I always had an interest in nature and at 16 I started working as an educator at Lisbon Zoo, the city where I was born.
I later completed a Environmental Biology BSc at the University of Lisbon. During this time I took a few internships and courses in countries like Mexico, Uganda or Sri Lanka. This radically changed my understanding of conservation biology. I realized biodiversity conservation was essentially about people and the choices they make.
This epiphany lead me to a MSc in Conservation Biology at the Durrell Institute of Conservation and Ecology (DICE), University of Kent, a program that uniquely combines the natural and social sciences. It was during my thesis work that changed my focus to the social sciences, working around economic valuation and ecotourism. I loved it so much that two years later, after a spell as the manager of a sea turtle project in Costa Rica, I came back for a PhD!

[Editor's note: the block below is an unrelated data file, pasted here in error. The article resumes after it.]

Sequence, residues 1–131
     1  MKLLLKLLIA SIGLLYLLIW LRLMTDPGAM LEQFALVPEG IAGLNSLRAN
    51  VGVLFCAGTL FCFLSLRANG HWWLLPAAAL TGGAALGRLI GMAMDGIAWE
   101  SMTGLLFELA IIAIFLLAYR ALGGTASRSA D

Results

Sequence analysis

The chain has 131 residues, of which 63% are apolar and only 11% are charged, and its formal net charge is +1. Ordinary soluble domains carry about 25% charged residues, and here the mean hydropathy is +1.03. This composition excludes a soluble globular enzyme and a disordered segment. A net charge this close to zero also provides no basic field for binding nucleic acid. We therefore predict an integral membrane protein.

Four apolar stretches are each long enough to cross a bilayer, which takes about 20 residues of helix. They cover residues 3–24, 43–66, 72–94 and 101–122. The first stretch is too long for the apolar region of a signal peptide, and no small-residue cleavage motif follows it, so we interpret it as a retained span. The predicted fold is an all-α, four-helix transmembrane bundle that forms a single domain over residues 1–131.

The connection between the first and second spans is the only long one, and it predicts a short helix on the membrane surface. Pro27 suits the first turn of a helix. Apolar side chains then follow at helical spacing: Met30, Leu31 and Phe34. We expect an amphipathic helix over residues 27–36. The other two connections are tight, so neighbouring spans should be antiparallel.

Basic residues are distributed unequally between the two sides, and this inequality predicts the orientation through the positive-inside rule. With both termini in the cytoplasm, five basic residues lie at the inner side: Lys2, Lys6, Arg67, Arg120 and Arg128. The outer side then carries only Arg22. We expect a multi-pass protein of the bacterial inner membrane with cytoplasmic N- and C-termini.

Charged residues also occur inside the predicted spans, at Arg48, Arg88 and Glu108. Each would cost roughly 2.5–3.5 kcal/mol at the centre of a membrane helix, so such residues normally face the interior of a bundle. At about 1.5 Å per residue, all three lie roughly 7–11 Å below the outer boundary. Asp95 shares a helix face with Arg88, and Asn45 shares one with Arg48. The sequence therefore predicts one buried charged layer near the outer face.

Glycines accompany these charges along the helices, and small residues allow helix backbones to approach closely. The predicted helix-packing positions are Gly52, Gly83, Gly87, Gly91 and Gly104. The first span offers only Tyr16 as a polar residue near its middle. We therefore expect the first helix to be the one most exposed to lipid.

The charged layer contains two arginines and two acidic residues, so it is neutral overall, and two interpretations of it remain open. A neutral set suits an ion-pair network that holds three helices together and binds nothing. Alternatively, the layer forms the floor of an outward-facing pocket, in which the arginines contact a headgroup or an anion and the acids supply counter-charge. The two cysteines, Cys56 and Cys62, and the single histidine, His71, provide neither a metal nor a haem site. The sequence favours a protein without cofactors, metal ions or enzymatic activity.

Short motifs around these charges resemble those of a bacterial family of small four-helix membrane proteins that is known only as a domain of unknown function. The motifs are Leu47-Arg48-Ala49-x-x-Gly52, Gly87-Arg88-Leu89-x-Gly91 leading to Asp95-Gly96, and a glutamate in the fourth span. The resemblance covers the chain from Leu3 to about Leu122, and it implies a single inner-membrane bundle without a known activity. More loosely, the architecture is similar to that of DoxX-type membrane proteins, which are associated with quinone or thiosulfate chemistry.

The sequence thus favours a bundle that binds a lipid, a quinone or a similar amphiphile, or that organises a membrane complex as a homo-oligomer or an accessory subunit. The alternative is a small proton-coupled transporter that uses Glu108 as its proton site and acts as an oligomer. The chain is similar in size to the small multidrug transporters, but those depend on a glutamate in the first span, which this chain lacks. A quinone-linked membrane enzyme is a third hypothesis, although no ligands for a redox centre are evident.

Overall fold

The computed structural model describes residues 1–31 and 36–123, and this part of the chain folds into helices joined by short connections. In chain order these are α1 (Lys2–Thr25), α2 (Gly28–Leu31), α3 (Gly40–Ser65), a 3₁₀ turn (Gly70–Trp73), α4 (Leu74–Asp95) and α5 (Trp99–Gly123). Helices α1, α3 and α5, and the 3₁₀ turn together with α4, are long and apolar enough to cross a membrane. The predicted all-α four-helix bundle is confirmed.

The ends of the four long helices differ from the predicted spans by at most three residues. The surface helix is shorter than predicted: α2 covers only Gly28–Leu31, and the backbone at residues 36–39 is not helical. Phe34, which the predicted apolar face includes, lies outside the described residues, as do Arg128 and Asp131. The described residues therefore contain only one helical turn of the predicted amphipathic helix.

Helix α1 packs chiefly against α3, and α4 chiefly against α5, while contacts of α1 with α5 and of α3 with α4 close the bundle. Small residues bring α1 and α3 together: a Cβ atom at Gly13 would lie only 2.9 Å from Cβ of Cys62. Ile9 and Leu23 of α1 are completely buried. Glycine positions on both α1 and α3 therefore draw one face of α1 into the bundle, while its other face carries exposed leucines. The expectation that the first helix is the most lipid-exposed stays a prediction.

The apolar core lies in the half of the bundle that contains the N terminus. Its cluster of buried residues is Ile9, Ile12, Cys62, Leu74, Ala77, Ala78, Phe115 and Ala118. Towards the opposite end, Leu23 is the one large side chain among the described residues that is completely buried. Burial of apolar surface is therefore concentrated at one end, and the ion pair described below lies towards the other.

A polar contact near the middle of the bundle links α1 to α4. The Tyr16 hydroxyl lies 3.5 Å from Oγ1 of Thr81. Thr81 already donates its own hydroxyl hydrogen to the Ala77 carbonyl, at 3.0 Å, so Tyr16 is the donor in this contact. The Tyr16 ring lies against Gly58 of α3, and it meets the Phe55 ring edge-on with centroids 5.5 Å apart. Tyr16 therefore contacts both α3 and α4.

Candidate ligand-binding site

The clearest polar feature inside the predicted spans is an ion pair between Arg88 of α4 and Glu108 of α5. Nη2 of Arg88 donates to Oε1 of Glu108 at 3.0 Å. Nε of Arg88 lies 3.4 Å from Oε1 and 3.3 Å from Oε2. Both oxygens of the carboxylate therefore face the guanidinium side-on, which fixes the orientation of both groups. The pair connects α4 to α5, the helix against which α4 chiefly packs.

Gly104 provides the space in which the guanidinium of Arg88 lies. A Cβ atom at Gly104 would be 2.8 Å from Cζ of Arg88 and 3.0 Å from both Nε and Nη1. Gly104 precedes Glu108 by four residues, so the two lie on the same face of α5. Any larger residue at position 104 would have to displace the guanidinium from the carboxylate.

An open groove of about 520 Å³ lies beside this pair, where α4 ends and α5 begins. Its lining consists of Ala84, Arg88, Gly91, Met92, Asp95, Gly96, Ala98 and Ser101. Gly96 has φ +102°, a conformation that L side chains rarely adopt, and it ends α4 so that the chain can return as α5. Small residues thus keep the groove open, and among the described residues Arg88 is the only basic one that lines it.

In 2013, I finished my thesis entitled “Advancing the flagship concept through conservation marketing” which was one of the first that introduced marketing theory to conservation science. In 2014, I began a David H. Smith Research Fellowship, focusing on “Using social return on investment to evaluate and improve conservation outreach”. This research hopes to bring more robust impact evaluation methods to conservation outreach and is a partnership between the Economics Department at Georgia State University and the NGO Rare.